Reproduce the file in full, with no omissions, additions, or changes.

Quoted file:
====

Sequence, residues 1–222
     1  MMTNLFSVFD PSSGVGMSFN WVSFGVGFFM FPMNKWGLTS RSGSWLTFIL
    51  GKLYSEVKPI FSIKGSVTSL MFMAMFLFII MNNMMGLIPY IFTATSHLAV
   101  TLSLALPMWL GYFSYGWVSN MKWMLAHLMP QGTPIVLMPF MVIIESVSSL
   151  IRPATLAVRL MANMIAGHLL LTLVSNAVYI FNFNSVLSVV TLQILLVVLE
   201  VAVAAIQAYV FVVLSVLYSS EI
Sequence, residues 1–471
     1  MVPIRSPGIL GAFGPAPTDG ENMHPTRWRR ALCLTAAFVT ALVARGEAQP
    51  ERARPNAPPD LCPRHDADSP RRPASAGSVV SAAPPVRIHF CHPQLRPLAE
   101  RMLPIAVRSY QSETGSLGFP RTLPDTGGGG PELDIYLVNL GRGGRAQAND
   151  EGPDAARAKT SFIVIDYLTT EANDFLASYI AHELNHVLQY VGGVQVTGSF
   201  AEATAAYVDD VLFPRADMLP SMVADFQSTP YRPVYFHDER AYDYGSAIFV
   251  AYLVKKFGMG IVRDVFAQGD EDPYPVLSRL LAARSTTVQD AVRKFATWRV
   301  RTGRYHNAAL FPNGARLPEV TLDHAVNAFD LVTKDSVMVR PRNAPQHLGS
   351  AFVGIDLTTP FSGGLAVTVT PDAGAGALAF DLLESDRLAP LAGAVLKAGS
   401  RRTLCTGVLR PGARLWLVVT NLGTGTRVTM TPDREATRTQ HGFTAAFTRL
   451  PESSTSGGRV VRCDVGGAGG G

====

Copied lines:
Sequence, residues 1–222
     1  MMTNLFSVFD PSSGVGMSFN WVSFGVGFFM FPMNKWGLTS RSGSWLTFIL
    51  GKLYSEVKPI FSIKGSVTSL MFMAMFLFII MNNMMGLIPY IFTATSHLAV
   101  TLSLALPMWL GYFSYGWVSN MKWMLAHLMP QGTPIVLMPF MVIIESVSSL
   151  IRPATLAVRL MANMIAGHLL LTLVSNAVYI FNFNSVLSVV TLQILLVVLE
   201  VAVAAIQAYV FVVLSVLYSS EI
Sequence, residues 1–471
     1  MVPIRSPGIL GAFGPAPTDG ENMHPTRWRR ALCLTAAFVT ALVARGEAQP
    51  ERARPNAPPD LCPRHDADSP RRPASAGSVV SAAPPVRIHF CHPQLRPLAE
   101  RMLPIAVRSY QSETGSLGFP RTLPDTGGGG PELDIYLVNL GRGGRAQAND
   151  EGPDAARAKT SFIVIDYLTT EANDFLASYI AHELNHVLQY VGGVQVTGSF
   201  AEATAAYVDD VLFPRADMLP SMVADFQSTP YRPVYFHDER AYDYGSAIFV
   251  AYLVKKFGMG IVRDVFAQGD EDPYPVLSRL LAARSTTVQD AVRKFATWRV
   301  RTGRYHNAAL FPNGARLPEV TLDHAVNAFD LVTKDSVMVR PRNAPQHLGS
   351  AFVGIDLTTP FSGGLAVTVT PDAGAGALAF DLLESDRLAP LAGAVLKAGS
   401  RRTLCTGVLR PGARLWLVVT NLGTGTRVTM TPDREATRTQ HGFTAAFTRL
   451  PESSTSGGRV VRCDVGGAGG G